If you have a favorite educational Web site that we missed, post your suggestion in the message area that follows the online version of this article at http://www.macworld.com/2000/10/features/backtoschool.html. (To find out about learning software on CD ROM, see the sidebar “New on Disk.”) But before you or your child sits down for a computerized lesson, don’t forget to set limits. The sidebar “Computers in Education: Brave New World” looks at the pros and cons of computer-based learning and gives practical tips.Exploring Science and Math
Persuading your kids to spend extra time studying math or science can be like coaxing them to eat their veggies at the dinner table. We found six Web sites packed with fascinating facts and hands-on experiments that will make kids–and adults–forget that they’re learning.
By the Numbers If your children are stymied by math, Math for Kids (ages 4 to 18; https://www.kidsmath.about.com/kids/kidsmath/mbody.htm ) offers games, articles, and links to help kids get up-to-speed fast. Site guide Nikki Katz covers everything mathematical, from addition to word problems. One of the site’s best areas describes activities that children can do at the grocery store, a surefire way to keep them out of mischief and help them learn at the same time.
Children also get to practice their problem-solving skills at Brain Teasers (ages 8 to 14; https://www.eduplace.com/math/brain/index.html ). This site presents three challenging new math problems every week, arranged by grade level, along with the answers to the previous week’s teasers. If your kids aren’t keen on this site at first, they’ll beg to have a turn solving the puzzles when they see how much fun you’re having.
Science Fun Even children who shy away from science will find something to grab their attention at BillNye.com (ages 5 to 11; https://www.nyelabs.com ), the home page of Bill Nye, the Science Guy. Although the eponymous PBS television program is no longer in production, the site includes more than 40 simple home science experiments. (This site requires Macromedia’s Shockwave plug-in.)
Older children and adults should check out Scientific American Online ( https://www.sciam.com ), which showcases the current issue of Scientific American and includes an archive of articles from previous issues. “Ask the Experts” lets you send in queries about any scientific topic. You can also browse the archive for responses to questions such as “Why do we sneeze?” Even young children will learn something if you visit the site with them.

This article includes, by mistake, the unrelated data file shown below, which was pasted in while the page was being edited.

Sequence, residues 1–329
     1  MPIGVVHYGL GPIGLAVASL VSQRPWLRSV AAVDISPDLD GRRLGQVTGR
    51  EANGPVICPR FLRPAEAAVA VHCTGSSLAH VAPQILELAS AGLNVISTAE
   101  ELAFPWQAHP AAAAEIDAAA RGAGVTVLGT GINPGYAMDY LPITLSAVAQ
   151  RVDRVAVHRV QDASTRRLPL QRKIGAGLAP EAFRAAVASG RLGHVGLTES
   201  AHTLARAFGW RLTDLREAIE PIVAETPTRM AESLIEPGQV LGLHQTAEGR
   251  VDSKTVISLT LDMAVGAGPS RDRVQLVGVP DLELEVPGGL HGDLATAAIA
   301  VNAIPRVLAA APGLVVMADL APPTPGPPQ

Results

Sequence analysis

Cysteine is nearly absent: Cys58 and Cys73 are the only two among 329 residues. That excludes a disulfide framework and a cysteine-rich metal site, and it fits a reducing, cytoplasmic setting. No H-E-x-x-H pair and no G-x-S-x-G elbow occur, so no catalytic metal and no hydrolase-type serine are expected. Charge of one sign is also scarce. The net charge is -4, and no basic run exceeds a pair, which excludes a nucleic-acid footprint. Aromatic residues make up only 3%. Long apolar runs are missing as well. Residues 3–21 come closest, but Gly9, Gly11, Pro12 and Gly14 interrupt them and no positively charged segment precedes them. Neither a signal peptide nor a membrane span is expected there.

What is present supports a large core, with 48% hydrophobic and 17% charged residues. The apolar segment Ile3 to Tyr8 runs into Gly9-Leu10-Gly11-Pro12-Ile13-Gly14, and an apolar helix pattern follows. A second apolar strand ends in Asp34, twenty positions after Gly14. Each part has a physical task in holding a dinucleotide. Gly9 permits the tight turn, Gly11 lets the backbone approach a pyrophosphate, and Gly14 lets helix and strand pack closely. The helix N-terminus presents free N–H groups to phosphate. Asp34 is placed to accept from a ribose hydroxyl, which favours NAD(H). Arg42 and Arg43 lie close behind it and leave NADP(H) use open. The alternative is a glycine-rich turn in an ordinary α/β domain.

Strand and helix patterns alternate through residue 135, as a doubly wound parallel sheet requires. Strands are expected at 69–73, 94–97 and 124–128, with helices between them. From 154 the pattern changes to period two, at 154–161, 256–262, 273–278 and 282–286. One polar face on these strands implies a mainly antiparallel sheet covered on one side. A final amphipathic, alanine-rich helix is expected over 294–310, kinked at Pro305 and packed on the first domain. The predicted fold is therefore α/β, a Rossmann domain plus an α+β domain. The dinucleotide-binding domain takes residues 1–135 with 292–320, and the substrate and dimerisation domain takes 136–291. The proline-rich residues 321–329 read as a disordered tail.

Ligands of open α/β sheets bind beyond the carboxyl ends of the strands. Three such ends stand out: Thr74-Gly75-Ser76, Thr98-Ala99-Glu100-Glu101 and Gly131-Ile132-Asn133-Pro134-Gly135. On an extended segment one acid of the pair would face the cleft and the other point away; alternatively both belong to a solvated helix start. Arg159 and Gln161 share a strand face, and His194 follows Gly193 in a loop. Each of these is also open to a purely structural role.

|Island Expedition This National Geographic Xpeditions interactive exhibit shows the wiles of tropical weather.|
A comprehensive resource for kids interested in learning about health, KidsHealth (ages 8 to 18; https://www.kidshealth.org/kid/ ) covers all the bases, from acne to X rays. Children will love reading answers to questions such as “What is earwax?” and finding out what digestion is all about. An interactive guide lets younger kids learn about the human body by clicking on on-screen organs. KidsHealth also includes special areas for teens and parents, with advice on topics such as drugs and pregnancy. (Some areas require Macromedia’s Shockwave plug-in.)
If you’ve ever struggled with your child’s science-fair project, Science Fair Central (ages 7 to 18; www.school.discovery.com/sciencefaircentral) is the site for you. This Discovery Channel Web site has everything you need, from topic suggestions to tips on completing a project without breaking your back or your bank account.Social Studies Online
No wonder kids roll their eyes at the mere mention of history or geography–didn’t you hate memorizing all those names, places, and dates? These Web sites make historical events and world geography come alive, with adventures, pictures, and fascinating trivia.
New on Disk
Some of the best educational material is being served up on disk rather than on the Internet. Here are our top picks of programs that have come out in the past year. To see full reviews of these and many other educational programs, go to http://www.macworld.com/2000/10/reviews/education.html